In placebo-controlled trials, liver test abnormalities were rare and no more common with migalastat than with placebo treatment. What abnormalities occurred were mild and resolved spontaneously without need for dose interruption. During these premarketing clinical trials and since its more widespread clinical availability, no instances of acute liver injury with jaundice have been reported attributable to migalastat. However, the total clinical experience with its use has been limited.

Likelihood score: E (unlikely cause of clinically apparent liver injury).

Mechanism of Injury

The mechanism by which migalastat might cause serum aminotransferase elevations or liver injury is not known. Migalastat is extensively metabolized by the liver via the cytochrome P450 system (predominantly CYP 2D6 and 3A) and is susceptible to drug-drug interactions with agents that induce or inhibit these enzymes.

Outcome and Management

The serum aminotransferase elevations that occur on migalastat therapy are usually self-limited and do not require dose modification or discontinuation of therapy. No instances of severe hepatitis, acute liver failure or vanishing bile duct syndrome due to migalastat have been reported.

Drug Class: Genetic Disorder Agents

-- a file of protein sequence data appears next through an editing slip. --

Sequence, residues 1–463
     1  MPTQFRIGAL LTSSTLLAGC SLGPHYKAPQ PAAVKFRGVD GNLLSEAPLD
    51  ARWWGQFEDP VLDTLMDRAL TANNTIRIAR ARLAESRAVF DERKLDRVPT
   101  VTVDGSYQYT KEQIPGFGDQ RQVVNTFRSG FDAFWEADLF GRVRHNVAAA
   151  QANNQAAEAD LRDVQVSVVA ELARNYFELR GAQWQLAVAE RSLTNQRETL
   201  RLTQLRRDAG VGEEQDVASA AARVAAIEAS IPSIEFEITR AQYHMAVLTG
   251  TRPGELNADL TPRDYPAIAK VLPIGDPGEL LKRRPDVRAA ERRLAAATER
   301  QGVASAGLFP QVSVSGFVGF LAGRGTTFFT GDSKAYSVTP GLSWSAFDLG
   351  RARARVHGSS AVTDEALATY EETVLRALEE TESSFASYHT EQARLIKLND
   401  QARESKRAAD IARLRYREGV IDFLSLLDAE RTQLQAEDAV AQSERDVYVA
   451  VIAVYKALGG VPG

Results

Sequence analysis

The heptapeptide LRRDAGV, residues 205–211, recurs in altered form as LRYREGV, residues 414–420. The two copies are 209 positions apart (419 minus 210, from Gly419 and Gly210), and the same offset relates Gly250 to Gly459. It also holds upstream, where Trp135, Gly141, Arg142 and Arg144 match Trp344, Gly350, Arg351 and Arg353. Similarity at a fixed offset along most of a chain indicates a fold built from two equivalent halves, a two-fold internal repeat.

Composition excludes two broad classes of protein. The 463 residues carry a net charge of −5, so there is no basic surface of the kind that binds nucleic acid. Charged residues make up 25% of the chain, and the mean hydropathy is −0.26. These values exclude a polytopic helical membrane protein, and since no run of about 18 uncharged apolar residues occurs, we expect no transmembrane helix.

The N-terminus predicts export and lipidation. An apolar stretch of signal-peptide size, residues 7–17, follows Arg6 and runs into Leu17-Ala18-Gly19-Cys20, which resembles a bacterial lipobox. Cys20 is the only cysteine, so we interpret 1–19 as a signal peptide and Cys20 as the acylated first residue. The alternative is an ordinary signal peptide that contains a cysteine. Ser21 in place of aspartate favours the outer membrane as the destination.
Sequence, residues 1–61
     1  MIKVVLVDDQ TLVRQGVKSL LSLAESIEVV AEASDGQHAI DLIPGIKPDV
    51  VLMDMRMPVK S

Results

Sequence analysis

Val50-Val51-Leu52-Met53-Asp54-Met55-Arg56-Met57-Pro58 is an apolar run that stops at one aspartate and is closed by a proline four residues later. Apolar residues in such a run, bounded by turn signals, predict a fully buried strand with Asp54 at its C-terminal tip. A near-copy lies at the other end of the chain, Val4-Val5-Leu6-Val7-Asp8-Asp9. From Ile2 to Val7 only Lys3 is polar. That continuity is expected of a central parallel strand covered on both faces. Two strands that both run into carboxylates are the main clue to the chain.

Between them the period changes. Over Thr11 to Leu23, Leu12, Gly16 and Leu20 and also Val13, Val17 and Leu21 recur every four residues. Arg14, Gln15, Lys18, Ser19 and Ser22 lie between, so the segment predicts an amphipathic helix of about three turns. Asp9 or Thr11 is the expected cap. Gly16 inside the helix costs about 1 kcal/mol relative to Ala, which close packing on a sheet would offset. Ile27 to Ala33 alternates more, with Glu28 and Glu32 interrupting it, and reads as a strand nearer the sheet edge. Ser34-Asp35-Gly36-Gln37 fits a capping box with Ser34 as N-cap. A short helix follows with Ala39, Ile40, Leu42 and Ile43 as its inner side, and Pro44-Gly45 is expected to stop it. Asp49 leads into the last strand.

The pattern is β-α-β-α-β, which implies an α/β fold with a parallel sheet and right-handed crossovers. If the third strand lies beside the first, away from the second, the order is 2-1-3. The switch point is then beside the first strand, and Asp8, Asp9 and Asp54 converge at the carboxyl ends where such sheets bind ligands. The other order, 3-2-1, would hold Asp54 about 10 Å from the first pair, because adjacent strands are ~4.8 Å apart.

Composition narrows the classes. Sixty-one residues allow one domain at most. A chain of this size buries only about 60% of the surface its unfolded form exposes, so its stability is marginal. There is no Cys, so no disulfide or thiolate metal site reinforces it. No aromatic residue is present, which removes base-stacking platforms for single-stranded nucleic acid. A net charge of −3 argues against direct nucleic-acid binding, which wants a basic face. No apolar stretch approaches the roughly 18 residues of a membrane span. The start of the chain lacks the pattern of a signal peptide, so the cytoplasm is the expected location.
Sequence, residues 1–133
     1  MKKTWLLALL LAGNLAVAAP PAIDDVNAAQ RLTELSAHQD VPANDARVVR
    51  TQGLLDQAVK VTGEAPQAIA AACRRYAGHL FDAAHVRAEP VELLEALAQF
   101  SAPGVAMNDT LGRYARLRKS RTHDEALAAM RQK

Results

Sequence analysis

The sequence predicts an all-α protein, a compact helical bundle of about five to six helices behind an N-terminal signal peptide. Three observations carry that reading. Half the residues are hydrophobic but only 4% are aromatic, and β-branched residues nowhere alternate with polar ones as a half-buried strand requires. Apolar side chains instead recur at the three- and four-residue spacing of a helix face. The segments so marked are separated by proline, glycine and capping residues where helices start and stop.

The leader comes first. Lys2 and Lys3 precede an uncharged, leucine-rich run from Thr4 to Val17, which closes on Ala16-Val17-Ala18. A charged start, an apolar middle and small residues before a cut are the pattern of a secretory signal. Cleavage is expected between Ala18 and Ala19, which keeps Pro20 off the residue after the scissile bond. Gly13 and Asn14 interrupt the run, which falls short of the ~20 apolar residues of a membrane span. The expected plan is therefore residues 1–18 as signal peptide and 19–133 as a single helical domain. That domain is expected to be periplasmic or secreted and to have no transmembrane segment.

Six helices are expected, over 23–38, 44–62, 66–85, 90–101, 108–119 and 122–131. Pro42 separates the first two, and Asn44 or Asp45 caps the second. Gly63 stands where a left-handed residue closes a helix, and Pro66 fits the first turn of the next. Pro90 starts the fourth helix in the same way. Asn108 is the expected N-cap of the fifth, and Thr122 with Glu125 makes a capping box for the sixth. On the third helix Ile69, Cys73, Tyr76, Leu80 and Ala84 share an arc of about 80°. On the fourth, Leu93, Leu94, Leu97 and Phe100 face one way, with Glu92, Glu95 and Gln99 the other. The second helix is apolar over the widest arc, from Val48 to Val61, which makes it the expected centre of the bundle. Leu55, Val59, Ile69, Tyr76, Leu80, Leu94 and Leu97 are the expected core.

Migalastat – Galafold®


Genetic Disorder Agents


Product labeling at DailyMed, National Library of Medicine, NIH


Migalastat 108147-54-2 C6-H13-N-O4
Migalastat Chemical Structure


References updated: 11 April 2019

  • Ferri L, Guido C, la Marca G, Malvagia S, Cavicchi C, Fiumara A, Barone R, et al. Fabry disease: polymorphic haplotypes and a novel missense mutation in the GLA gene. Clin Genet 2012; 81: 224-33. [PubMed: 21517827]
    (Review of Fabry disease, an X-linked lysosomal storage disorder caused by deficiency in alpha-galactosidase A [CLA] with a wide spectrum of clinical manifestations and variable mutations in the GLA gene, some of which are responsive to pharmacological chaperone migalastat).
  • https://www​.accessdata​.fda.gov/scripts/cder/daf/
    (FDA Drug Approvals website that has product labels [package inserts], letters of approval and full FDA scientific review of the new drug application for safety and efficacy; mentions that there were no serious adverse events or clinically significant changes in laboratory values).
  • Germain DP, Hughes DA, Nicholls K, Bichet DG, Giugliani R, Wilcox WR, Feliciani C, et al. Treatment of Fabry's disease with the pharmacologic chaperone migalastat. N Engl J Med 2016; 375: 545-55. [PubMed: 27509102]